Parents

Strangers prevent mom's car from being towed while she was in ER with baby

When Kaylee Goemans rushed her baby to the emergency room, she had plenty of worries. Thanks to dozens of kind strangers, having her car ticketed or towed wasn’t one of them.

It all started when her 6-week-old, Dominic, was having screaming fits that lasted more than two hours. “I knew something wasn't right,” Goemans told TODAY Parents. She took him to their family doctor for ultrasounds and X-rays.

Kaylee Goemans
Kaylee Goemans' baby, Dominic, was in the ER because of complications to an intestine disorder.

“A few days later, the doctor called to inform me Dominic had a loop in his bowels filled with air and fluid,” Goemans recalled. “The doctor said to get to the ER fast.”

So the 27-year-old mom rushed to the hospital in her hometown of Barrie, Ontario.

Goemans said she parked at a meter on the street because she couldn’t afford the $15 parking fee on the hospital’s property. “I put about three bucks and change in for four hours’ time,” she says. Because the doctor had already sent over her son’s test results, Goemans thought she’d be in and out, but it turned into a nine-hour ordeal — with her stomach flip-flopping over the fate of her car.

Money is tight for Goemans, a mother of three: She lost her job when she was 28 weeks pregnant, and she said no one wanted to hire a pregnant woman. For that reason, she said, she didn’t qualify for Canada’s paid pregnancy leave benefits.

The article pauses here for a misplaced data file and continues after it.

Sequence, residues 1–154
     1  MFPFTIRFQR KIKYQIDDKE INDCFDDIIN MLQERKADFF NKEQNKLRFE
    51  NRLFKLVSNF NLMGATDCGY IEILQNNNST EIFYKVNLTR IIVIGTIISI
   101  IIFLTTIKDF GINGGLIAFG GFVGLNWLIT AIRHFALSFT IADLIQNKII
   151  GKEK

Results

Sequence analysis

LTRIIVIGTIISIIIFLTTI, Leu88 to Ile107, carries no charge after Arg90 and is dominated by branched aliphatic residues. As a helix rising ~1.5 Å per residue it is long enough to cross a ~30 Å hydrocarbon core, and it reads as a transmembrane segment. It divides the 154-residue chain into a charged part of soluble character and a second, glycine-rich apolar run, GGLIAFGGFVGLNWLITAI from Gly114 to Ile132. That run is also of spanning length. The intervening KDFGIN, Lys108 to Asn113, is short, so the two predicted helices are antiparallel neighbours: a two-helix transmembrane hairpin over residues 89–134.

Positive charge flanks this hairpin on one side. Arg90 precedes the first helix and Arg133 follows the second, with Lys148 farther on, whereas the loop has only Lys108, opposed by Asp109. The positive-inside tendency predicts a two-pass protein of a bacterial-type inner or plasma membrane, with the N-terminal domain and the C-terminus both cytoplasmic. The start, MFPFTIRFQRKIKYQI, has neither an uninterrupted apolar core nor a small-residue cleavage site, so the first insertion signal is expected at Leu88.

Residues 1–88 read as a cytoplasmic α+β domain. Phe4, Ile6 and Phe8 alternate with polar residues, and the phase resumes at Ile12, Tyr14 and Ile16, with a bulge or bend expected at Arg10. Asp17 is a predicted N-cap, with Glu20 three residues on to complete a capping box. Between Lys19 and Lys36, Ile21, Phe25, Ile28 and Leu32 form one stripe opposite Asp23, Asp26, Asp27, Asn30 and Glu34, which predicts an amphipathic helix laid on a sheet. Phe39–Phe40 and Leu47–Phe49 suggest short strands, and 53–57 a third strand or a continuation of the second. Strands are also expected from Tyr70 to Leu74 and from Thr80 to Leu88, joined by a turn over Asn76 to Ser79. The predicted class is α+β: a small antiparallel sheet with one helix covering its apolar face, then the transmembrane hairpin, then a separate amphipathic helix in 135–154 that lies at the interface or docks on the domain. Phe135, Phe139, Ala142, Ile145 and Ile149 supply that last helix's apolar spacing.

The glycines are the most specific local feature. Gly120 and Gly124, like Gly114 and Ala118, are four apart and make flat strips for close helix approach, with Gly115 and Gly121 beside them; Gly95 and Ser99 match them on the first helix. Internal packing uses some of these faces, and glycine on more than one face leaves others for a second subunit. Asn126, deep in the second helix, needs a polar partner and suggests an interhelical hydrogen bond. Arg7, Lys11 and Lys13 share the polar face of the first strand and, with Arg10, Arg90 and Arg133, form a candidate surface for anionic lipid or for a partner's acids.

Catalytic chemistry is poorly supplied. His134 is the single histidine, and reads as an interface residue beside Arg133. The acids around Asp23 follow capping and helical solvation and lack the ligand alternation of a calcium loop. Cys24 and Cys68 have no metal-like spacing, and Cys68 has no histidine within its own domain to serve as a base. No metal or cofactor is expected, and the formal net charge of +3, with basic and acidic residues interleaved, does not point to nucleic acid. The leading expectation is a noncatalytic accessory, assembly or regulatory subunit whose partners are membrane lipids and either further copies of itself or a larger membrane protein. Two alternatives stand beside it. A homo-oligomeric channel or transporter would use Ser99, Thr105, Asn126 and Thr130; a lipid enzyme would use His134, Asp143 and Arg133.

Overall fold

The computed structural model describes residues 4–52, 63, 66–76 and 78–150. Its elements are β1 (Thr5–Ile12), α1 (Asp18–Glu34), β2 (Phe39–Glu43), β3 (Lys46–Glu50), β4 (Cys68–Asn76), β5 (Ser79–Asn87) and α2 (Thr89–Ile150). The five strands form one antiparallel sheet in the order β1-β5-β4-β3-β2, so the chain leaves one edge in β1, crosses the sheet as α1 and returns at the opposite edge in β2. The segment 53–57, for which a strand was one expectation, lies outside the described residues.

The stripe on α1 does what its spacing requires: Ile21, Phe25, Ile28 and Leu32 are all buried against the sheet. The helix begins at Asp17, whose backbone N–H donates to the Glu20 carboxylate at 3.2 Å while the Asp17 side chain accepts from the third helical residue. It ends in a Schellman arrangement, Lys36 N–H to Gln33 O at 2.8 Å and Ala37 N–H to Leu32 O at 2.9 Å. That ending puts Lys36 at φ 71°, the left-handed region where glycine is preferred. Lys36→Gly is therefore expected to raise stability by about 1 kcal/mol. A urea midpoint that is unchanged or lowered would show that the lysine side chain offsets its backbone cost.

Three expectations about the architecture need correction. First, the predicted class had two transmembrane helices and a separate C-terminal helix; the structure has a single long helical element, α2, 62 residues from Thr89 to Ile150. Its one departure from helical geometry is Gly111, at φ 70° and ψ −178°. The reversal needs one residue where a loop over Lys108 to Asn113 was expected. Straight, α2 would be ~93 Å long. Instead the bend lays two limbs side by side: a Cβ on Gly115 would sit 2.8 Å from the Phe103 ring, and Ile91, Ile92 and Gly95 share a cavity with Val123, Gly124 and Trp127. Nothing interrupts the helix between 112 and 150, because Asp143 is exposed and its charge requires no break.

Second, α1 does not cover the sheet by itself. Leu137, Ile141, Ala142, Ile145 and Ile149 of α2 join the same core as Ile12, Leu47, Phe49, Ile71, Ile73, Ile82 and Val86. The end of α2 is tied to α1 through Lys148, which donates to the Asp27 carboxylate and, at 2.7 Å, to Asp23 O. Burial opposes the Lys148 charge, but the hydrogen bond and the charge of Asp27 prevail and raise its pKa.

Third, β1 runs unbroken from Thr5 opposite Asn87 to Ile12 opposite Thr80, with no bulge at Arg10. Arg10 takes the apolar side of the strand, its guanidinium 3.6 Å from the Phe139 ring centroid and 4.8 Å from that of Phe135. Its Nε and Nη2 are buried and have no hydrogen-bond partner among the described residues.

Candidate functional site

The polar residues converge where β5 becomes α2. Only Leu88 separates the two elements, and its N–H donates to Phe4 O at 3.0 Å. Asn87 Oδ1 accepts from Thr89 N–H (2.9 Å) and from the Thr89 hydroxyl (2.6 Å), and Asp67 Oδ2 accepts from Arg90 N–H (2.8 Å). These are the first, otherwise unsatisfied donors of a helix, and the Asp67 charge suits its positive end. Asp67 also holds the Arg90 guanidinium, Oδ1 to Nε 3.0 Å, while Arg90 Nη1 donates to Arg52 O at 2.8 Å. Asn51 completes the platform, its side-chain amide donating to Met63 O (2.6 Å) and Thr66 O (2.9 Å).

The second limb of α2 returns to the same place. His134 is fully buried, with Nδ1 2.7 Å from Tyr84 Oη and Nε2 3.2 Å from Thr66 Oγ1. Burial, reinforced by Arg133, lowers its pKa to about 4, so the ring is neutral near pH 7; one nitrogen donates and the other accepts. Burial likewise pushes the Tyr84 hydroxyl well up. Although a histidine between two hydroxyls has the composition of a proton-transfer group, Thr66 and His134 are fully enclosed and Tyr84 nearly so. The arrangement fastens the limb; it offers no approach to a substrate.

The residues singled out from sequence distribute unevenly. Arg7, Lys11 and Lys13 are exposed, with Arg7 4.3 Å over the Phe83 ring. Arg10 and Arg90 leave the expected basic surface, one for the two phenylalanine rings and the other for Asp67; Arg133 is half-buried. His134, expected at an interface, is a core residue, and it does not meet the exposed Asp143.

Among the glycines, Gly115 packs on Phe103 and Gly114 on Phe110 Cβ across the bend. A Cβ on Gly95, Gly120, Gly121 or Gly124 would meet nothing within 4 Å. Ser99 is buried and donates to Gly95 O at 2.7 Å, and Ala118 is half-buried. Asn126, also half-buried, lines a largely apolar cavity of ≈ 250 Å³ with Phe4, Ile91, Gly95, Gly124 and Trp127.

Kaylee Goemans
Kaylee Goemans, a mom of three, with her youngest, baby Dominic.

“When my meter was up, I panicked and knew I’d be ticketed — or worse, towed,” she said. It wasn’t a simple matter of extra change to pop in the meter — Goemans didn’t want to leave her son. So the mom with a very sick baby took to social media for help. She posted a status to a local Facebook group she belongs to called New Barrie Moms Everything Buy and Swap.

“Women just started pouring in, asking what car I drove and where I was parked to put change in for me,” Goemans said. While she was holding her baby in the ER, women in her hometown were taking time out of their own days to feed her meter and encourage her online.

"I live just around the corner from the hospital so if you need anything at all pls don't hesitate to contact me anytime! If your meter is running out or you just need a coffee or some food!!! Hoping all goes well and your baby gets well very soon!!" Rachel Banks commented on the Facebook page.

"2 more hours added no need to worry about that. Give baby a hug from me," wrote Stephanie Goguen.

"Kay, Do you or your husband need anything? A Coffee? A meal? A hug?" commented Jen Grenier.

Goemans said the encouraging comments — more than 100 of them — made her happy and thankful.

“My day was turned upside down when I was told to go to the ER immediately," she said. "You're terrified. And the stress of seeing so many doctors, poking and hooking your baby up to wires and drawing blood, is just heartbreaking. Knowing I had all these ladies there for me, to help me with parking, meals and even hugs made me able to focus just on my son and his needs.”

Baby Dominic was diagnosed with intussusception, a painful disorder in which one part of the bowel slides into the next part of the bowel, blocking fluids or foods from passing through and cutting off blood supply. Doctors also discovered a heart murmur. Dominic is scheduled to undergo a procedure soon that should help, and he may need surgery in the future.

“He is still in a lot of pain and discomfort," Goemans said. "Dominic normally has two-hour-long screaming fits to try and pass gas for relief, then sleeps in between, due to exhaustion.”

Goemans said that despite her infant’s diagnosis, he’s still a happy little guy. “Dominic loves to be held and interacted with to take his attention away from his pain. He's so sweet and very brave,” she said. “Amidst the bloated belly, he still smiles tons.”

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